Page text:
Antarctic Exploration: This year was a big one for Antarctic exploration—after more than a decade of drilling, Russian scientists bored through more than 2.5 miles of ice to reach Lake Vostok's liquid waters. Preliminary tests for life there didn't turn up much, but in Western Antarctica, a team of American researchers found life in the subfreezing waters of Lake Vida. That discovery suggests that life could potentially survive in seemingly inhospitable environments in space.

A woman has her H1N1 vaccination at a community clinic in Washington, D.C.

Controversial Flu Research: In June, researchers in the Netherlands and Wisconsin published a highly controversial study of the deadly H5N1 bird flu virus in which they were able to genetically modify the virus to be transmittable between mammals. The newly-created virus has been called "scarier than anthrax" and led the World Health Organization to call for a moratorium on synthetic flu virus research.

Pilot Felix Baumgartner of Austria jumps out of the capsule during the final manned flight for Red Bull Stratos on Oct. 14, 2012.

New Skydiving Record: After years of false starts and delays, Austrian skydiver Felix Baumgartner broke the 50-year-old skydiving record when he jumped from a capsule more than 24 miles above Earth's surface. In doing so, he became the first human to break the sound barrier outside of an aircraft and proved the effectiveness of the full-body pressure suit, which could one day help astronauts survive if they have to abort a mission.

A map highlighting reported cases of gonorrhea in women aged 15 to 24 - high concentrations in pink and red - is seen at a news conference to announce a Los Angeles County program to provide young women home-testing kits for sexually transmitted diseases, Sept. 19, 2011.

Antibiotic-resistant Superbugs: Both the Centers for Disease Control and the World Health Organization warned that gonorrhea could soon join HIV as an "uncurable" disease as the bacteria is quickly developing resistance to most known antibiotics. The disease is estimated to infect more than 100 million people per year and can cause infertility, painful urination, and birth defects in babies born to women with the disease.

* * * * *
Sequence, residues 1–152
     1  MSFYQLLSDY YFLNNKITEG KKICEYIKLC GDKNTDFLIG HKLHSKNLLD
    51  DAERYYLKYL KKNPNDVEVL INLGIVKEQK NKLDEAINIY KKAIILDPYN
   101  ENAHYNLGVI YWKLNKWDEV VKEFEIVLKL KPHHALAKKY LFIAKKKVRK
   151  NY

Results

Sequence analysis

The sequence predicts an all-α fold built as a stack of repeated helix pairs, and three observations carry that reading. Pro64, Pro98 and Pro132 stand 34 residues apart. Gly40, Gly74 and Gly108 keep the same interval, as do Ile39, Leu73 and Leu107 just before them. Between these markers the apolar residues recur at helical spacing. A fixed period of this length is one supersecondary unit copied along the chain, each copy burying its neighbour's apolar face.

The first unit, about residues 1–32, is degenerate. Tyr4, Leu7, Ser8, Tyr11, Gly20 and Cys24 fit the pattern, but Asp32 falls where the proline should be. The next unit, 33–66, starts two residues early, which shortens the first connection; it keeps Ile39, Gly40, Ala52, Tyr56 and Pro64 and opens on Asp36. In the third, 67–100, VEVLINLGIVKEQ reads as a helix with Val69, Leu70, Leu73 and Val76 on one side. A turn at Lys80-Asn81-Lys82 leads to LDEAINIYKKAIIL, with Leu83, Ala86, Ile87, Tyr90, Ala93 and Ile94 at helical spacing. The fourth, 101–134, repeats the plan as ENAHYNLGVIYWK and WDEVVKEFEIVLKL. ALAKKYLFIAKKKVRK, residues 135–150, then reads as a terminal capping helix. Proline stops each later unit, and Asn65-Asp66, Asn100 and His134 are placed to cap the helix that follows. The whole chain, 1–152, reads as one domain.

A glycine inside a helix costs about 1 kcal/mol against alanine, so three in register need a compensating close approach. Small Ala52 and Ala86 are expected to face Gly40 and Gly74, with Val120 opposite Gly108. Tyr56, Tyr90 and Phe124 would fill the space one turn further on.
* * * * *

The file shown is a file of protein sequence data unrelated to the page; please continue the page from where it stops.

A wall painting by artist Josef Kristofoletti is seen at the Atlas experiment site at the European Center for Nuclear Research, CERN, outside Geneva, Switzerland. The painting shows how a Higgs boson or

Higgs Boson: On July 4, scientists at Europe's CERN announced they'd found a particle that could be the famous "Higgs boson" particle, which is believed to be responsible for all mass in the universe. The discovery of the particle has been called the "final missing ingredient in the Standard Model of particle physics," which is used to describe every known thing in the visible universe.

"We have reached a milestone in our understanding of nature," CERN Director General Rolf Heuer said of the discovery.

In this 2011 artist's rendering, the Mars Science Laboratory Curiosity rover examines a rock on Mars.

Curiosity Rover: In August, NASA cashed in on one of its biggest gambles of the past decade when it successfully landed the $2.5 billion Mars Curiosity Rover on the red planet. In what had been dubbed the "seven minutes of terror," the rover detached from its space capsule and was lowered onto the surface via a hovering "sky crane." Since landing, the rover has taken high-definition photos of Mars' surface and has begun analyzing soil samples—it has even found evidence of an ancient stream that "once ran vigorously" on the planet's surface.